The Cboe SPX VPCR has moved from neutral (1.60>1.30) to moderately bullish (<1.30) this week. The 1.28 reading on Thursday (2/2) was moderately bullish, and the current reading of 1.34 as I'm writing this (mid-day Friday 2/3) is neutral. Since intraday levels tend to decline as the day goes on, I see it as moderately bullish in the very near-term. With a 5-day moving average of 1.32 versus 1.30 last week, it is neutral in the long-term.

The Cboe Equity VPCR has been mostly moderately bullish (<0.60) this week. The 0.49 reading on Thursday (2/2) was moderately bullish but the current reading of 0.69 as I'm writing this (mid-day Friday 2/3) is neutral. Since intraday levels tend to decline as the day goes on, I see it as moderately bullish in the very near-term. With a 5-day moving average of 0.56 versus 0.63 last week, it is moderately bullish in the long-term.

Since volume based put/call ratios are very reactive and very short-term in nature, near-term usually means just a day or two, while long-term is more like a week or two.

OCC Volume Put/Call Ratios (VPCR)

The OCC Index VPCR has been mostly neutral (1.10>0.90) this week. As a result, I see it as neutral in the near-term. It has also been neutral in 11 of the last 19 sessions, so I see it as neutral in the long-term.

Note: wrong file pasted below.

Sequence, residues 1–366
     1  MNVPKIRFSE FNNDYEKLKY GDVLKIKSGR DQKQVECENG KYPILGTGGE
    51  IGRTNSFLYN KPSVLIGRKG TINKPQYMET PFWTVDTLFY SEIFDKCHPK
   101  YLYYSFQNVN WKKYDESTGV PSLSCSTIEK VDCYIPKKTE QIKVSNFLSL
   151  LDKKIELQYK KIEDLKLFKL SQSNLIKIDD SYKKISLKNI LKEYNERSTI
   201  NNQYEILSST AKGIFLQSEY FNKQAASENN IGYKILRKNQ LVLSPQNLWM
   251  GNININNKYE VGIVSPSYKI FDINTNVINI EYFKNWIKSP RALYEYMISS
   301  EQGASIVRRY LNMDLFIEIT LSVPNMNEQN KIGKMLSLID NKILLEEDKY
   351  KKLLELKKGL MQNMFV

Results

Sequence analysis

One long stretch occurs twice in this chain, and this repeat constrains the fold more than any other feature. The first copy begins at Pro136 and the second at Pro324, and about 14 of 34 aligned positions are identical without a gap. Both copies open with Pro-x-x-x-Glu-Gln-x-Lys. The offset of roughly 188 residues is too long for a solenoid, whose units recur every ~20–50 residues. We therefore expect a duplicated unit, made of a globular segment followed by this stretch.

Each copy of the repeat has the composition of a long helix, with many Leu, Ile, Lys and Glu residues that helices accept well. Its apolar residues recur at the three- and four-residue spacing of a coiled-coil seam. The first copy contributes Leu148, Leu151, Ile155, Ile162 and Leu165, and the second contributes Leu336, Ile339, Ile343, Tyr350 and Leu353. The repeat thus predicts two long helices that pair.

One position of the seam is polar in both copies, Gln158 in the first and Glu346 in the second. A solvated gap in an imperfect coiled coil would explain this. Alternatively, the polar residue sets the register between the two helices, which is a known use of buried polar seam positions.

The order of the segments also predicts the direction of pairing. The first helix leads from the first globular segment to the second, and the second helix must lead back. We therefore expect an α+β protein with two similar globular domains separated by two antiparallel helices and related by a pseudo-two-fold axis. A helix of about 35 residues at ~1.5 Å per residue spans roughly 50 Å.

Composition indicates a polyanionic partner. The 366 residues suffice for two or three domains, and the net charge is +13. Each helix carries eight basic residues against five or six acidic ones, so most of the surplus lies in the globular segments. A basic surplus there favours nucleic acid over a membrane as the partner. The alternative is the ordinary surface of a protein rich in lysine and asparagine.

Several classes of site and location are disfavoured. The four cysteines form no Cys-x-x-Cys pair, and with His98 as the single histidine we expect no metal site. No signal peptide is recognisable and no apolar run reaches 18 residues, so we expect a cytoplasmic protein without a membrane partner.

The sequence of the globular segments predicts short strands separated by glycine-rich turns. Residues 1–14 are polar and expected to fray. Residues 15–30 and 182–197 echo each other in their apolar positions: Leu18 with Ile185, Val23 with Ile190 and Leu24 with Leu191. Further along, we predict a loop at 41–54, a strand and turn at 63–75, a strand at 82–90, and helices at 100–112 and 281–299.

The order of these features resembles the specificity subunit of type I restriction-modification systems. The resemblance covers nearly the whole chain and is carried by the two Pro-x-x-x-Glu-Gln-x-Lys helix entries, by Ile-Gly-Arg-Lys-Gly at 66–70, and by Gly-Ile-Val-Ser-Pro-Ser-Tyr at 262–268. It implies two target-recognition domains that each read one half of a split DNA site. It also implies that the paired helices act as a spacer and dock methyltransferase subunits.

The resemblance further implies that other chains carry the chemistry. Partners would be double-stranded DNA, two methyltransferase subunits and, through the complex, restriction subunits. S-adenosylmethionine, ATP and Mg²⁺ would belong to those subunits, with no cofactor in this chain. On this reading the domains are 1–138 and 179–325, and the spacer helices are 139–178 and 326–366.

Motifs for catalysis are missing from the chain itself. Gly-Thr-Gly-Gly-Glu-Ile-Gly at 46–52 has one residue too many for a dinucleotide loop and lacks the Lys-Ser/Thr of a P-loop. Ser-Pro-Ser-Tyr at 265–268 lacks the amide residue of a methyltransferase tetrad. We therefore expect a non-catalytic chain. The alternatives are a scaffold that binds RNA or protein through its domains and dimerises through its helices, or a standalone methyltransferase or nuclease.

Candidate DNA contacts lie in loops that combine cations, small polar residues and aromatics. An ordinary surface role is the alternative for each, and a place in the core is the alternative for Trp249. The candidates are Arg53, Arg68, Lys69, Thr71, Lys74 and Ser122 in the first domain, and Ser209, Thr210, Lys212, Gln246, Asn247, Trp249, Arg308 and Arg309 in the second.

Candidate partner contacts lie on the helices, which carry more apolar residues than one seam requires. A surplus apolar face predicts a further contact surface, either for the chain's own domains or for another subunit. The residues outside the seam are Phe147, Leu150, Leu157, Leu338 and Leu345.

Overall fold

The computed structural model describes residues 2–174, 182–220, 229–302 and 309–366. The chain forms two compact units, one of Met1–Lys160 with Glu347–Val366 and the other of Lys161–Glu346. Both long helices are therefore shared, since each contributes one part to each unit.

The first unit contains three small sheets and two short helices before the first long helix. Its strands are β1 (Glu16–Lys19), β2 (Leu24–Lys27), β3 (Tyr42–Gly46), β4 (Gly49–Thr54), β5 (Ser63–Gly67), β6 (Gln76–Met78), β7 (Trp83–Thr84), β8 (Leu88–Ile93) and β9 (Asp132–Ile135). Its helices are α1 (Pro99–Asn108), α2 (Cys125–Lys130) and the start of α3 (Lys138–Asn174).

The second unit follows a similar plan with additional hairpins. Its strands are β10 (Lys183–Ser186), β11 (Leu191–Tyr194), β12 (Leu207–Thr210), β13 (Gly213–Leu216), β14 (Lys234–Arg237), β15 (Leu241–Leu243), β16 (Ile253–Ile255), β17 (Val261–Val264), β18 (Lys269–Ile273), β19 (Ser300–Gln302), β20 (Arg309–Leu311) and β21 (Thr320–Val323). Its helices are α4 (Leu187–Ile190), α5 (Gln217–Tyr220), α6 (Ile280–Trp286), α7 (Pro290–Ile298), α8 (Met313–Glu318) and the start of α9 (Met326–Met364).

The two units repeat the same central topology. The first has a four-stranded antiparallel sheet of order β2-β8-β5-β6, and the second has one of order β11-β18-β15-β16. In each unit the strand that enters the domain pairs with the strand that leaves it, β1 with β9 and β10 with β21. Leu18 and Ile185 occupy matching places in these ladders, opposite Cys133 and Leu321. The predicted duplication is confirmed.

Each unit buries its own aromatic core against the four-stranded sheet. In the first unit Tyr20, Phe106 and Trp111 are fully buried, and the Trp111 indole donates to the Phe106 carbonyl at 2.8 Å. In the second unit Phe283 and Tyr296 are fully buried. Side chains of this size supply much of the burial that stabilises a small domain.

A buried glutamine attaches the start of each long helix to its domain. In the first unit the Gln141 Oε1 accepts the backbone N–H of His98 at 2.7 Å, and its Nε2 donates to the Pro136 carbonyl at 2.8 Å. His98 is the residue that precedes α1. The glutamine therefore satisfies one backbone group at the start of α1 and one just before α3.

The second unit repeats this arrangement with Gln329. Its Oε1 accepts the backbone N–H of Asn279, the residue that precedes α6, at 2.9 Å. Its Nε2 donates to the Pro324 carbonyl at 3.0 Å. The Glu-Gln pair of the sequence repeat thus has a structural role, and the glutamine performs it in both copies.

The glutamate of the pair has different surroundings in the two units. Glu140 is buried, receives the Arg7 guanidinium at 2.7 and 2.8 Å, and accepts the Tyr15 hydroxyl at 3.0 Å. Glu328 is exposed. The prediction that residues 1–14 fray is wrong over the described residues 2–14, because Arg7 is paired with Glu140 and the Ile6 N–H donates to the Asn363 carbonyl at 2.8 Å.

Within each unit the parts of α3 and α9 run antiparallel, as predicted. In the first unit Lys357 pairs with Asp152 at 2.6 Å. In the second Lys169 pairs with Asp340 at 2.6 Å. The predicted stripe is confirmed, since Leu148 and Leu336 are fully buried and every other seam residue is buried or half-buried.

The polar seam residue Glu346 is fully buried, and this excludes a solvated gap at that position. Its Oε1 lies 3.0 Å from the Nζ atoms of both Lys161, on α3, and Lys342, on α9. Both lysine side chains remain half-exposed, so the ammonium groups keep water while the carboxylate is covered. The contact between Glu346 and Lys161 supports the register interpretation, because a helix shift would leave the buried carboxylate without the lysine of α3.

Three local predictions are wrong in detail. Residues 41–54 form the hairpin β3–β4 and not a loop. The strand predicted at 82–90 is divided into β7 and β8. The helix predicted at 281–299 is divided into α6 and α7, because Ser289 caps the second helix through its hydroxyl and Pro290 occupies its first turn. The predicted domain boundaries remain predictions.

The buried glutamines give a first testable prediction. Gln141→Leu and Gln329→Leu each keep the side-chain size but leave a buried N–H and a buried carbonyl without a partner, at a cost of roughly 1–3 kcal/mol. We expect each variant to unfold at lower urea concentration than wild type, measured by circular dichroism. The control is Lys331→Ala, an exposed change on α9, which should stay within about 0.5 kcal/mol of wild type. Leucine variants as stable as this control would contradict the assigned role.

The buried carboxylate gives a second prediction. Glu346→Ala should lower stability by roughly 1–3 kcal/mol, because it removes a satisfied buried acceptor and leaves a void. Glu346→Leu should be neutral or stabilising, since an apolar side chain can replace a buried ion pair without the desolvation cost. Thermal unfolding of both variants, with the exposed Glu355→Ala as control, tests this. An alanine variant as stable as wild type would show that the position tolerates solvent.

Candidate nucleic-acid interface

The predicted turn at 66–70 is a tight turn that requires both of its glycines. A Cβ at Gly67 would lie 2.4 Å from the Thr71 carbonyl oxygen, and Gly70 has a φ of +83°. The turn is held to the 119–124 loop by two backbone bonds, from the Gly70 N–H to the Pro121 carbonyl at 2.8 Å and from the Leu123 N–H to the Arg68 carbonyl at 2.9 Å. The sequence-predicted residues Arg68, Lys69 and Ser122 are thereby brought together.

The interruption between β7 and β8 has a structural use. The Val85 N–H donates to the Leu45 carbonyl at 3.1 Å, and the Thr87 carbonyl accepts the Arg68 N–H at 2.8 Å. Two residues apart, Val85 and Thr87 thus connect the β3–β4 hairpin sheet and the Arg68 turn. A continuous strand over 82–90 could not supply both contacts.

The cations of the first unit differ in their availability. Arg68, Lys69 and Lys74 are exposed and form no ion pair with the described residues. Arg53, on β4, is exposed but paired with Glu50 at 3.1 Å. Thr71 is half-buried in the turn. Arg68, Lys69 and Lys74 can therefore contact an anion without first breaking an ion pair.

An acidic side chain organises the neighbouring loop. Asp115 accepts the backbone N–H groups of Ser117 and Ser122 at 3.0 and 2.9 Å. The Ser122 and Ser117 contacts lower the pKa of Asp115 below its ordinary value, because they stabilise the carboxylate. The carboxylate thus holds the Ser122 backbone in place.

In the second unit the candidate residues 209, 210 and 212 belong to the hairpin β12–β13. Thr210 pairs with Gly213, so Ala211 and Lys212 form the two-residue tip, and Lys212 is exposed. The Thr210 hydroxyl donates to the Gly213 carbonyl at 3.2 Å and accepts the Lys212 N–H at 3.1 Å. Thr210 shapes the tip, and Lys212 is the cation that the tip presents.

The OCC Equity VPCR has been all over the map this week. As a result, I see it as volatile in the very near-term. With a 5-day average of 0.79 versus 0.85 last week, I see it as a moderately bullish in the long-term.

Volatility

Cboe Volatility Index (VIX)

After studying and analyzing the VIX for the past 30 years, I have found that it generally falls into the following 4 zones:

  1. Above 40 – Panic Zone
  1. 30 to 40 – High Anxiety Zone
  1. 20 to 30 – Elevated Uncertainty Zone
  1. Below 20 – Normal Zone

At the time of this writing (mid-day Friday 2/3), the VIX is -0.32 to 18.41. That is solidly in Zone 1. The last time the VIX closed above 20 was 1/19/23. This is still the only bear market in which the VIX has not (yet) touched or closed in Zone 4.

At its current level, the VIX is implying intraday moves in the SPX of about 40 points per day (this was 39 last week). The 20-day historical volatility is 79% this week versus 76% last week. The VIX is now more than 16 points below where it was in mid-October. And while it is even below its long-term average (19.74), it is still well above its long-term mode (12.42) which is the most common level of volatility.

With a top-to-bottom range this week of 3.38 points, I see the VIX as moderately bullish in the very near-term for the equity markets. At the time of this writing (mid-day Friday 2/3) the VIX is only about a point above a 13-month low, so I see it as still moderately bullish in the long-term for now.

On a week-over-week basis, VIX call prices have risen while VIX put prices have fallen. As a result, at +113 versus +18 last week, the VIX IV Gap (the average IV of VIX calls less the average IV of VIX puts) is quite a bit higher, and in this range I see it as neutral in the very near-term. Over about the past 3 weeks, VIX call prices have trended mostly higher, while VIX put prices have also trended mostly sideways. As a result, I see the VIX IV Gap as neutral in the long-term.

Keep in mind, this is not only a contrarian indicator most of the time, it tends to be one of the earliest and shortest-term indicators I discuss in this report, so it can also change directions very quickly.